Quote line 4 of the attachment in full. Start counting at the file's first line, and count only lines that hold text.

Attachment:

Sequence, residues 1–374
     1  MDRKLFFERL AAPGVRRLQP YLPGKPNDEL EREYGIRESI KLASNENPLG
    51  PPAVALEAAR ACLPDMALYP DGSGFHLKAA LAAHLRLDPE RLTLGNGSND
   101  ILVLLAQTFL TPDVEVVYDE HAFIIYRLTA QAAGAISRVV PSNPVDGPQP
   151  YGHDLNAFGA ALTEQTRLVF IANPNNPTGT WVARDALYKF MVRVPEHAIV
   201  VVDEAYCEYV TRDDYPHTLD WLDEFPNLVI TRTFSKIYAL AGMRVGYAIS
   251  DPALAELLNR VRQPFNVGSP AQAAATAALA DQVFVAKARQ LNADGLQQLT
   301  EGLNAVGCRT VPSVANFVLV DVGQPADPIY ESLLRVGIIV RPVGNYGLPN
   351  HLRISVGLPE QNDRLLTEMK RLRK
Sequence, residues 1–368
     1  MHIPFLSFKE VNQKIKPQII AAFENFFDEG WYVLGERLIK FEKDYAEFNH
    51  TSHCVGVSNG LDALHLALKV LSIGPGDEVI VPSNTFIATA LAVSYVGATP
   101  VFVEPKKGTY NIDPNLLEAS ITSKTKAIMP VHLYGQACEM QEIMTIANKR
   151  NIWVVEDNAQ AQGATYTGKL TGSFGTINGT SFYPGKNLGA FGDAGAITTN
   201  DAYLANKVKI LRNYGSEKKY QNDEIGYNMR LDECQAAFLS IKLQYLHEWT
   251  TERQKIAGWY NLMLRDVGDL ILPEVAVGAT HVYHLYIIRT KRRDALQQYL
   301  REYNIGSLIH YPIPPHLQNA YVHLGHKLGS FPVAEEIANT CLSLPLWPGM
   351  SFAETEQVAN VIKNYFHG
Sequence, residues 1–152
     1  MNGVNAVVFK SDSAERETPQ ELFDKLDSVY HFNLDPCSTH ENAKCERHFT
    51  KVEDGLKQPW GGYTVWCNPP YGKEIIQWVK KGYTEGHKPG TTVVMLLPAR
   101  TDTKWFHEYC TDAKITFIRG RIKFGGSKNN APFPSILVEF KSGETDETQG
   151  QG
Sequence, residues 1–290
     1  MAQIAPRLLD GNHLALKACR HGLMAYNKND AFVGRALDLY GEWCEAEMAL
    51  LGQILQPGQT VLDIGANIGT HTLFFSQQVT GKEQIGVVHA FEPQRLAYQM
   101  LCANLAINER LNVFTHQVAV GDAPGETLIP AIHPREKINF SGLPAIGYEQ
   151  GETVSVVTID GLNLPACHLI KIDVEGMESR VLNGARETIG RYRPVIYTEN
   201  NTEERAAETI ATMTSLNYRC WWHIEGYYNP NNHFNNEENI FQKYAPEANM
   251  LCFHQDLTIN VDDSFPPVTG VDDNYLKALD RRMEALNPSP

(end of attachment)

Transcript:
   101  ILVLLAQTFL TPDVEVVYDE HAFIIYRLTA QAAGAISRVV PSNPVDGPQP